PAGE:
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Following paid mods fiasco, Bethesda launch Fallout 4 Creation Club

The first digital fruits of Bethesda’s new kinda-sorta-paid-mods programme, the Creation Club, arrive today in Fallout 4 [official site]. It’ll then hit Skyrim in September. Unlike Bethesda’s disastrous first flirtation with paid mods for Skyrim in 2015, which was quickly abandoned, the Creation Club is more like a DLC microtransaction store partially outsourced to modders. It’s a selection of new content Bethesda are approving and commissioning themselves rather than Steam’s failed free-for-all marketplace where anyone could upload anything, see. The initial Creation Club lineup is pretty bland, mind, just odds and ends.

Swing on by Bethesda’s blog to see everything in the Fallout 4 Creation Club’s launch lineup. Content includes clobber like Chinese Stealth Armor and Morgan Yu’s spacesuit from Prey 2017, Pip-Boy reskins, weapons, furniture for base-building, and a cheeky nod to Oblivion’s horse armour upset with a set of power armour covered in bashed bits of model horses.

Some of the bits have quests attached but largely it looks quite boring. I don’t think I’d download any of these as free mods, let alone pay a couple of quid for them.

The Creation Club runs on a new microtransaction currency, Credits, of which all players are being given 100 free (about a dollar’s worth). The Credits will be shared across both Fallout 4 and Skyrim, as well as Steam and Xbox copies of the games – but not the PlayStation versions.

The Creation Club arrives with update 1.10 today, which launched in beta yesterday. It’ll launch for The Elder Scrolls V: Skyrim Special Edition some time in September.

2015’s paid mods fiasco was a Steam plan Bethesda joined in on, while the Creation Club is entirely Bethesda’s gig. Valve still haven’t returned to paid mods but Bethesda are back with a different take.

Rather than letting anyone whack anything up and charge for it (whether they made it or not), this is basically a DLC pipeline which can use modders as freelancers. Would-be Creators need to apply, pitch original ideas, and work like it’s serious business. Bethesda explain:

“Creators are required to submit documentation pitches which go through an approval process. All content must be new and original. Once a concept is approved, a development schedule with Alpha, Beta and Release milestones is created. Creations go through our full development pipeline, which Creators participate in. Bethesda Game Studios developers work with Creators to iterate and polish their work along with full QA cycles. The content is fully localized, as well.”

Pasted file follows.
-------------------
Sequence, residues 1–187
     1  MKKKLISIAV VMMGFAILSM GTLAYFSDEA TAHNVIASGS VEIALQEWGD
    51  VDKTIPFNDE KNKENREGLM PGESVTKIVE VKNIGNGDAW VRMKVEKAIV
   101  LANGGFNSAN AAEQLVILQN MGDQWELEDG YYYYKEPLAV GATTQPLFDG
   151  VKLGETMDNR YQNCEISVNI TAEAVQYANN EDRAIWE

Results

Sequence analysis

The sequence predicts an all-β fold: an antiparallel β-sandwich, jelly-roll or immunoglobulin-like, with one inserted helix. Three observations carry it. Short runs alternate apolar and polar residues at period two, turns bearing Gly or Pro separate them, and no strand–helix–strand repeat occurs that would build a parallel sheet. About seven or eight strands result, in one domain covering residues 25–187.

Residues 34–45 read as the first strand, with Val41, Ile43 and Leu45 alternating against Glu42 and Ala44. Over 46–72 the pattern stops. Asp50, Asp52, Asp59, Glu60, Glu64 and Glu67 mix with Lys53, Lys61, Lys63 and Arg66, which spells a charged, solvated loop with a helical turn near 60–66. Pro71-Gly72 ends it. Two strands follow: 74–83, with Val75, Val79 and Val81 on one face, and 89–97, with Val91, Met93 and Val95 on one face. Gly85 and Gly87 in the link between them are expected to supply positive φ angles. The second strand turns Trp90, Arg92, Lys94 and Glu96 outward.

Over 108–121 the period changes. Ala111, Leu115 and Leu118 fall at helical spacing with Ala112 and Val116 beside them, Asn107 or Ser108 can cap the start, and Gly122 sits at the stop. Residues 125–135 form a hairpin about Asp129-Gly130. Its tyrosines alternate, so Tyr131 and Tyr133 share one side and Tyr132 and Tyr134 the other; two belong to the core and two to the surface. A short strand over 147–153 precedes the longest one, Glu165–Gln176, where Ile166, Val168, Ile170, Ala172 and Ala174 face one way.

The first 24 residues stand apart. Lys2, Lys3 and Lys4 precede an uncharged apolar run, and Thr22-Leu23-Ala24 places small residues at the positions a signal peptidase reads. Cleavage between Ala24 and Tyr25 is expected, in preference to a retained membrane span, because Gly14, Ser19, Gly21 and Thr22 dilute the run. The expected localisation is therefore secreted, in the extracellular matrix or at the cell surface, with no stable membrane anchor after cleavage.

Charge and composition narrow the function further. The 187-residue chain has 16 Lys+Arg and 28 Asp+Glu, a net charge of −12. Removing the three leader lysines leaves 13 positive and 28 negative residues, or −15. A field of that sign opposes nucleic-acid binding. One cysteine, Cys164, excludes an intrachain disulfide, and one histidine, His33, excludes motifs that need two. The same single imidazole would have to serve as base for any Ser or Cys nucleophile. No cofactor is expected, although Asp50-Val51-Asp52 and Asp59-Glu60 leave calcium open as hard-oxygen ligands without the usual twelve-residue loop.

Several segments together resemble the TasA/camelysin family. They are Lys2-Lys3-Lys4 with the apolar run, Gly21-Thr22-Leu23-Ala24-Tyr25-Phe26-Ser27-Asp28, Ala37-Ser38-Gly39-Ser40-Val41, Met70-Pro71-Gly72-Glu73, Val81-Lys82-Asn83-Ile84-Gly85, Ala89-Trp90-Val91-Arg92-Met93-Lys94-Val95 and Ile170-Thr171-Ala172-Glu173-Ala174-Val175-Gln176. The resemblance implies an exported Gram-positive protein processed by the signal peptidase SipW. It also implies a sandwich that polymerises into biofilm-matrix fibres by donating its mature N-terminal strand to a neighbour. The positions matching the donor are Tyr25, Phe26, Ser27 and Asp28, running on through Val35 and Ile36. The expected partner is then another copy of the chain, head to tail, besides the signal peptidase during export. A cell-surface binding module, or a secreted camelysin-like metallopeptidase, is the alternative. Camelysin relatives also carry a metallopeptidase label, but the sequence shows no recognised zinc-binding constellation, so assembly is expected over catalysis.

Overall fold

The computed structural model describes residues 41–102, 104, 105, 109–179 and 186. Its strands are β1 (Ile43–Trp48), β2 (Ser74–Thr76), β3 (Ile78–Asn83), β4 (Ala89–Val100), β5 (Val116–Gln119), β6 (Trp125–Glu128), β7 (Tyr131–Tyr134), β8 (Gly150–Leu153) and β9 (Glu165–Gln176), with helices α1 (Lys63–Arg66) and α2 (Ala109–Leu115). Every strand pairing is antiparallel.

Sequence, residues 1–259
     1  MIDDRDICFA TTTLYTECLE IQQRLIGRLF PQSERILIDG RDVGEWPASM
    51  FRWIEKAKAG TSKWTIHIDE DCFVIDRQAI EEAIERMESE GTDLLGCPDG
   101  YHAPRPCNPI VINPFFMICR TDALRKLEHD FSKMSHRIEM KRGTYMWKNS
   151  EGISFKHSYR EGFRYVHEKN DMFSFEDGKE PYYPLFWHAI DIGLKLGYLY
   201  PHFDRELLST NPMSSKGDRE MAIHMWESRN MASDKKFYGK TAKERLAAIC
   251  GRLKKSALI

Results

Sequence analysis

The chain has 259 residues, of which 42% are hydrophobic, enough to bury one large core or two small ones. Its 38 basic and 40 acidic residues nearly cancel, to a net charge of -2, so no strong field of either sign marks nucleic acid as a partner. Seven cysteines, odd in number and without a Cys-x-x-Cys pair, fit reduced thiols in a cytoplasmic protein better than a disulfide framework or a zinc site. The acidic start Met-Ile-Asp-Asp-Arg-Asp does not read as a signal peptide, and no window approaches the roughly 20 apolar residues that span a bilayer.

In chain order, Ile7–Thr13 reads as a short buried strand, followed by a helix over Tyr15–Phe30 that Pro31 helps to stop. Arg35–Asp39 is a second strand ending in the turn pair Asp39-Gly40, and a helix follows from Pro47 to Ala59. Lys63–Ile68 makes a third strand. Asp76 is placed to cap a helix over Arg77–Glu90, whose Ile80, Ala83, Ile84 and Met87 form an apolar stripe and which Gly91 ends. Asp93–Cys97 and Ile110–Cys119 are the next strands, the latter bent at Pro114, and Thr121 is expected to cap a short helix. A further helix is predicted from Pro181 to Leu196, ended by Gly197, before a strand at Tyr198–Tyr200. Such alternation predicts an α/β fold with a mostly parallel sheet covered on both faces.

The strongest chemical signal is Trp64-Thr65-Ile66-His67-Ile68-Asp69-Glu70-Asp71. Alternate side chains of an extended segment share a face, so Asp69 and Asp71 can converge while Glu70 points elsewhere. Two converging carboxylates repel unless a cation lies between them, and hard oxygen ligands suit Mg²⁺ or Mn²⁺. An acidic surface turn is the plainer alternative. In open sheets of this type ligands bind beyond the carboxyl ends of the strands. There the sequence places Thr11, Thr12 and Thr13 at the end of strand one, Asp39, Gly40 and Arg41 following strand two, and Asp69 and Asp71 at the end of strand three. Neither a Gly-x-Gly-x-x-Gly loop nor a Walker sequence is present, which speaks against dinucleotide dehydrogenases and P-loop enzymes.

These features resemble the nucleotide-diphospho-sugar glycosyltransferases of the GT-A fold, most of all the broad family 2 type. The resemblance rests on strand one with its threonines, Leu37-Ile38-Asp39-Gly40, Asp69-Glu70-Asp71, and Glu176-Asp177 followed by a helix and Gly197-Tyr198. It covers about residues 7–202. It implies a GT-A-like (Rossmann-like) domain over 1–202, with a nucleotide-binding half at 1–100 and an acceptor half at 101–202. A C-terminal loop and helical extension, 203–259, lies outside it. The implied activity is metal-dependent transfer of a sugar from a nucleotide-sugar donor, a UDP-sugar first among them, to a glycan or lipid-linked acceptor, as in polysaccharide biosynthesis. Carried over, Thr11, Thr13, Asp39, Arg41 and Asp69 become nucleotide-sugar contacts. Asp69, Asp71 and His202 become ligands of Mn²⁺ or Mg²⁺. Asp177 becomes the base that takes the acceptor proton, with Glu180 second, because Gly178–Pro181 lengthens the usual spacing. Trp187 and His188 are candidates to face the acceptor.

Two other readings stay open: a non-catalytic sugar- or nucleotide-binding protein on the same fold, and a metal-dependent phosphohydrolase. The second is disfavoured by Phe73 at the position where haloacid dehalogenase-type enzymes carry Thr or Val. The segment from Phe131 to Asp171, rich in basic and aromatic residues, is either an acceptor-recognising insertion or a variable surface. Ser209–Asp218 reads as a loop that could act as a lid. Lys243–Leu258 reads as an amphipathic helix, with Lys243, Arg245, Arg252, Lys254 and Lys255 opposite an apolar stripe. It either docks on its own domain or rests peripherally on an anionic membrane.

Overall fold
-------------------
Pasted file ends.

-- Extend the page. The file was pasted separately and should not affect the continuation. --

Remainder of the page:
Bethesda insist that Creations aren’t paid mods, and that they won’t try to shut down modding. Creators are paid at milestones, as in regular development. Bethesda say they’ve made “most” of the Creation Club stuff themselves anyway. And mods, they say, “will remain a free and open system where anyone can create and share what they’d like”.

“We’ve looked at many ways to do ‘paid mods’, and the problems outweigh the benefits. We’ve encountered many of those issues before. But, there’s a constant demand from our fans to add more official high quality content to our games, and while we are able to create a lot of it, we think many in our community have the talent to work directly with us and create some amazing new things.”

This all seems fairly innocuous so far. Some high-quality (but minor, dull, and overpriced) new DLC is out for Fallout 4. I’m rarely pleased by retrofitted microtransactions but they seem highly optional and ignorable. I don’t worry about Bethesda hypothetically trying to push the Creation Club by cutting down content included with their open-world RPGs because they’re an inch deep and a mile wide anyway – there’s so little variety they could trim while still having a viable game.

I’m sure Bethesda have hopes for grander Club releases than this pointless assortment of trinkets and baubles, but I can’t see it killing free mods. If the Club becomes a roaring success, maybe a few modders will be able to make a living from their skills rather than doing it as a hobby but hey, good for them. There’s certainly no shortage of other people keen to make things for funsies and share them free.

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Alice O'Connor

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When not writing news, Alice may be found in the sea.

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